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Our Population’s Need for Cars

The numbers are saying that there is a growing percentage of our population here in Australia that are classed as elderly; by elderly I mean over 65 years of age with a bit of a white/grey background in their hair colour.  Our largest age group sits in the 30 to 34 year old bracket.  Our population of youngsters under the age of 10 also continues to increase.  As well as that, Australia’s overall population is continuing to grow swiftly – thanks mainly to Australia being a great place to make the shift to live and work in.  Building our infrastructure to keep up with the influx and accommodate the population growth is something Australia continues to do well, and definitely Australia does infrastructure a whole lot better than most countries in the rest of the world.

Brisbane, Perth and Sydney know how to do public transport, with Melbourne a shining light when it comes to usable public transport; in fact, more than 80 % of all public transport kilometres in Melbourne are travelled on roads.  All our big Australian cities do the public transport service pretty well, Adelaide being well up the user-usability, user-friendly, and user-satisfaction rankings, too.  However, most of us rely on our own private vehicles to get us across town and city, to travel from one township to another, or even to get from one major city to another throughout, and across, Australia.

The Australian road network covers more than 877,000 kilometres, which is quite phenomenal when you think about it, and well over half a million Australians rely on these roads for their full-time employment.  A relatively recent (2016) analysis of the preferred method of travel that residents in Australia used to get to work showed that 11.4 % used public transport, while 66.1 % used a private vehicle.  These figures still followed pretty-true in Australian Greater Capital Cities surveys, where 15.7 % used public transport and 63.3 % used a private vehicle.  Whilst many of the elderly move closer to the city centre or find a hub that is close to amenities, even the elderly find it hard to totally give up the car keys.  You can’t beat the park just outside your destination!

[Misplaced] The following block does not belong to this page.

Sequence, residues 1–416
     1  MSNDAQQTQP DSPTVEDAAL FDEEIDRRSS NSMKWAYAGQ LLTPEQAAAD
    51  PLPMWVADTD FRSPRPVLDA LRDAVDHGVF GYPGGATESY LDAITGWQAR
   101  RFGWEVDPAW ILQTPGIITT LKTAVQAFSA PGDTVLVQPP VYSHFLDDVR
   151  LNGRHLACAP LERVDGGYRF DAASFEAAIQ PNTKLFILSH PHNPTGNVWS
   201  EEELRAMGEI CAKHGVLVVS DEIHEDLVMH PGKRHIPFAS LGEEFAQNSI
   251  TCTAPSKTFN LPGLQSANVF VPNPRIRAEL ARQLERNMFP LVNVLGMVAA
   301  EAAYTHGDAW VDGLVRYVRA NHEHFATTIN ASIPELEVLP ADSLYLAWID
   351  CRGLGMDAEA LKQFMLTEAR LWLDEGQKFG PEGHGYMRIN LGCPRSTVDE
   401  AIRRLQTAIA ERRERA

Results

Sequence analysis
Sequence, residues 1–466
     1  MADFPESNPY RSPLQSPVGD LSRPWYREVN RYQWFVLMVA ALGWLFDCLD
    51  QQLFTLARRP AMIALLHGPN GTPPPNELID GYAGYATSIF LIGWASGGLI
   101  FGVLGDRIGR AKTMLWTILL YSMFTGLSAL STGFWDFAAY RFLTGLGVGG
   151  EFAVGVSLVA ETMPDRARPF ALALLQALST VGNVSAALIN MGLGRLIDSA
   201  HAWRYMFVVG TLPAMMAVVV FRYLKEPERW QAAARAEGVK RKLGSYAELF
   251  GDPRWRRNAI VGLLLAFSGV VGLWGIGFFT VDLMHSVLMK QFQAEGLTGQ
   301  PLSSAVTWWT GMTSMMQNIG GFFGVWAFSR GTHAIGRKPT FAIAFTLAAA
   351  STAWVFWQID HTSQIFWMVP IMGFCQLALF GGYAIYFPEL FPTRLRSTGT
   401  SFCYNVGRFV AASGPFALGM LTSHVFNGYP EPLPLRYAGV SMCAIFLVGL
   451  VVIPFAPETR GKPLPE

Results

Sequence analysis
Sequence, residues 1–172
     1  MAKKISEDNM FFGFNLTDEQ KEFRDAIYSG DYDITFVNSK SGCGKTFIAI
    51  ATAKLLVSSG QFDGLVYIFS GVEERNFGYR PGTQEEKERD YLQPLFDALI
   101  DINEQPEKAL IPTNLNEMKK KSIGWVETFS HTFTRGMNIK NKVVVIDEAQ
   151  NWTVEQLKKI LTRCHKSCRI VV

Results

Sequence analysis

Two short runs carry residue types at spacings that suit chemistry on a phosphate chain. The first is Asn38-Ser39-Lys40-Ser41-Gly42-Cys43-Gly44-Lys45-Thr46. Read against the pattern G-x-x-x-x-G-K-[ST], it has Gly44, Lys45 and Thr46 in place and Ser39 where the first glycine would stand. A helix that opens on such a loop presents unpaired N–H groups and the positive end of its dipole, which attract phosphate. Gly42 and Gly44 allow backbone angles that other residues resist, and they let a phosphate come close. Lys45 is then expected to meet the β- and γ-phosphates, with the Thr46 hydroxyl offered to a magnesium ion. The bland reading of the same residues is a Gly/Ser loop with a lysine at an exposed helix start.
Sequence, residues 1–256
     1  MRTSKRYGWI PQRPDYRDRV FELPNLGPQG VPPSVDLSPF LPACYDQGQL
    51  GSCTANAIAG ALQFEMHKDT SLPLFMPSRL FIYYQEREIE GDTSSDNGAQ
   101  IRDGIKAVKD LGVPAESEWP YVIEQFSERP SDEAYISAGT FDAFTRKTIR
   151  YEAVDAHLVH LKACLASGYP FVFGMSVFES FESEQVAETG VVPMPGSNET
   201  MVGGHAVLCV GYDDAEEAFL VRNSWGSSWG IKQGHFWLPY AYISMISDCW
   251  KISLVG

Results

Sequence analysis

Here are some interesting stats and bits of info taken from various recent surveys held in Australia, and we need to thank the likes of the Australian Bureau of Statistics for keeping us informed.  Did you know that there were 19.8 million registered motor vehicles across Australia as at the 31st January 2020.  This points to our national fleet having increased by 1.5 % from the same figures discovered in 2019.  Of the 19.8 million vehicles, 25.6 % of the national fleet are diesel and 72.7 % are petrol.  Light, rigid, diesel trucks continue to have the largest growth rate in registrations, increasing 5.8 per cent over the year.  This is followed, rather contemplatively for me, by campervans with a 3.5 per cent growth in registrations.  Light rigid trucks include your Ford Ranger and Toyota Hilux type vehicles.

Though still a very small portion of the pie, electric vehicles are gaining some traction in Australia.  Sarah Kiely, Director of ABS Transport Statistics, stated that “While electric vehicles are still small in number, less than 0.1 per cent of the fleet, the 14,253 electric vehicles registered in 2020 is almost double the previous year.”

The growth in our population and the need for more new cars for transportation are reasons why we are seeing the WestConnex  infrastructure project (US $16bn) that is linking Western and South Western Sydney with the city, airport and port in a 33 km continuous motorway.  Once this project is finished, motorists will be able to bypass up to 52 sets of traffic signals from Beverly Hills through to Parramatta.  The Melbourne Airport rail link (US $5bn) is set for construction beginning 2022.  There are many big-ticket infrastructure items on the go, and in the pipeline, that all help get our people about efficiently.

It might be time to trade in your 10.4 year old car (the average age for an Australian car) in for a new Toyota, which is the most preferred manufacturer by Australian new car buyers.

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